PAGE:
Kawasaki, Japan – Tuesday January 6, 2009

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Greetings!  I am back in Japan for a 2-week residency at the Showa Academy of Music and Arts in Kawasaki.   This is my 6th such visit since 1998, and during my stay I will be working with about 25 college conservatory percussion students in private lessons, ensemble coaching, percussion workshops and a final gala recital.

 

The flight from Rochester to Tokyo takes about 14-hours total – 2-hours from Rochester to Detroit and 12-hours from Detroit to Tokyo.  I was met at the Tokyo Narita Airport by Professors Kazunori and Yashio Meguro, both on the Showa percussion faculty.  I have known them since we first met in Okinawa in the mid-1990s on a NEXUS concert tour of Japan.  They drove me to my hotel in Kawasaki, about a 2-hour drive from Narita to the southwest of Tokyo.

 

Of course, Japan is a fully industrialized country, so at first glance everything always seems familiar.  The standard corporate logos for Toyota, Suntory, Kentucky Fried Chicken, McDonalds, etc. are everywhere; the cities are brightly lighted with endless colorful neon designs.  However even though I have visited Japan many times since 1976, there are still mysteries and surprizes about the underlying culture.  For example, on the drive into Tokyo from Narita a hotel sign caught my eye – B-FLAT HOTEL;.  I had to chuckle; I guess it is not relevant that B-flat is slang for ordinary or possibly even funky.

 

The air was unusually clear and the weather moderate this morning.  I could almost have gone without even a jacket it was so unusually warm.  Kazunori said that some of the factory production in Japan is so reduced due to the weakened economy that the air is noticably clearer.  During my usual morning power walk I could even see the snow-capped peak of Mount Fuji.  On my previous visits to Showa I was never able to see it.

 

This is my second visit to the new Showa campus in an up-scale residential area in Kawasaki.   The old campus until 2006 had been in Atsugi which is another hour further from Tokyo.   The new building has a beautiful concert hall, two recital halls, large classrooms, a cafeteria, a bookstore and importantly for the percussion department, large elevators.   It seems that no necessary expense was spared in planning the new facilities.   Because the campus is in a residential district the main shopping area nearby is the Shin-Yurigaoka train station, with two department stores and several convenience shops near the  station.

 

The first day of this residency began with a student escorting me at 9:30 AM from my hotel on the 5-minute walk to the school.  There was a percussion department photo session and a brief convocation in which each of the percussion students introduced her/himself to me.   Also present was Satoko, who was a student when I first visited Showa in 1998 and who is now on the percussion faculty.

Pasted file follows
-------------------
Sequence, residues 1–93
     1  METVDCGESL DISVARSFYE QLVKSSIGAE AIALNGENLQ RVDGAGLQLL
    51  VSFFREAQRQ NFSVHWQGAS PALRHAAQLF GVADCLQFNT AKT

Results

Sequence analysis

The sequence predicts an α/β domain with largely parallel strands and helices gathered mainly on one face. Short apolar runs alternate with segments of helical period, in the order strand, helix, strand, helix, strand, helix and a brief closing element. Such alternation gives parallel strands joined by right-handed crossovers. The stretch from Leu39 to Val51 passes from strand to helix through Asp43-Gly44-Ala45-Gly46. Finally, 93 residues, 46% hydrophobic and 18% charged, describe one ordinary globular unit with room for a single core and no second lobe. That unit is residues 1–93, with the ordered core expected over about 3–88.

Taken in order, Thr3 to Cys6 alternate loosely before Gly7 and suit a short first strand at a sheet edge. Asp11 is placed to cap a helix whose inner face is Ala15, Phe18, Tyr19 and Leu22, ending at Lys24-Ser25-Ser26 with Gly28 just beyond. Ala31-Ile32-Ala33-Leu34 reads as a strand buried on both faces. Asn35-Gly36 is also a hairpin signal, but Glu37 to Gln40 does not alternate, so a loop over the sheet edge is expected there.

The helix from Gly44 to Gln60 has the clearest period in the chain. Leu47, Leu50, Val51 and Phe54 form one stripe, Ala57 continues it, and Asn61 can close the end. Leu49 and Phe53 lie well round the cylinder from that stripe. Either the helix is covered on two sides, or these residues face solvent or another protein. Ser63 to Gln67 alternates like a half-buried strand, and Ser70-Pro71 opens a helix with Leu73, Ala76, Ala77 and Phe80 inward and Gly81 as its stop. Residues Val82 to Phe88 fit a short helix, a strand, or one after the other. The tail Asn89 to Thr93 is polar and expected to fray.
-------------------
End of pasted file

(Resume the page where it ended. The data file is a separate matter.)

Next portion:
There were five private lessons today:

 

1) a second year student working on a piece titled, KYAKOU by Francois Dupin

 

2) a graduate student working on the new Kraft TIMPANI CONCERTO

 

3) a graduate student working on REBONDS A by Xenakis

 

4) a second year student working on CONCERTINO FOR PERCUSSION AND ORCHESTRA by Balissant

 

5) another second year student working on CONCERTINO FOR PERCUSSION AND ORCHESTRA by Balissant

 

In general, the basic issue in the lessons was trying to get good sounds.

Other issues were :

dynamics – trying to achieve real pianissimos

efficient multiple percussion setups

instrument selection and tuning

expression and phrasing

 

A necessary part of my residencies has been having a good translator who can deal with the nuances that I simply do not have the vocabulary in Japanese to communicate.  I rely heavily on a few basic Japanese phrases and on my ability to vocalize the musical ideas I want to share, but sometimes that is not enough.  Prof. Yashio Meguro (faculty) and Tomomi (graduate percussion student) were my translators in the morning until Professor Kazunori Meguro arrived for the afternoon lessons.  Tomorrow and for the rest of my residency the translator will be Fumiko Ishii, who was my translator in 2007.

 

After school I went to the enormous food section in the basement of one of the Department Stores and purchased a variety of sushi, which I carried back to my hotel room for dinner.

 

My Showa residency goes until January 17.  If there is time more reports will follow.

 

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